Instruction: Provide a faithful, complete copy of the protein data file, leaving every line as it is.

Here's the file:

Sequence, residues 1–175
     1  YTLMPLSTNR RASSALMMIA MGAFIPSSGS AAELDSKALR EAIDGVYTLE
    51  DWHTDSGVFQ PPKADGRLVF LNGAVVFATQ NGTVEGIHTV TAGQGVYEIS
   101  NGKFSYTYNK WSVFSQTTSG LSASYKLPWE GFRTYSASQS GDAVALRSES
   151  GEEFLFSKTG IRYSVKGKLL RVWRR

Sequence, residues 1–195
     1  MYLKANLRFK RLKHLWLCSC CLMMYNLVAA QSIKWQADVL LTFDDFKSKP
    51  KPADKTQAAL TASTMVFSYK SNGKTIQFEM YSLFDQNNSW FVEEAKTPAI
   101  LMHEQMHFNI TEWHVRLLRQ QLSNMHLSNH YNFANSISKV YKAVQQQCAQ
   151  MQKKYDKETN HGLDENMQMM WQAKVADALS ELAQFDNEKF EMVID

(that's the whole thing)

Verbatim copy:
Sequence, residues 1–175
     1  YTLMPLSTNR RASSALMMIA MGAFIPSSGS AAELDSKALR EAIDGVYTLE
    51  DWHTDSGVFQ PPKADGRLVF LNGAVVFATQ NGTVEGIHTV TAGQGVYEIS
   101  NGKFSYTYNK WSVFSQTTSG LSASYKLPWE GFRTYSASQS GDAVALRSES
   151  GEEFLFSKTG IRYSVKGKLL RVWRR

Sequence, residues 1–195
     1  MYLKANLRFK RLKHLWLCSC CLMMYNLVAA QSIKWQADVL LTFDDFKSKP
    51  KPADKTQAAL TASTMVFSYK SNGKTIQFEM YSLFDQNNSW FVEEAKTPAI
   101  LMHEQMHFNI TEWHVRLLRQ QLSNMHLSNH YNFANSISKV YKAVQQQCAQ
   151  MQKKYDKETN HGLDENMQMM WQAKVADALS ELAQFDNEKF EMVID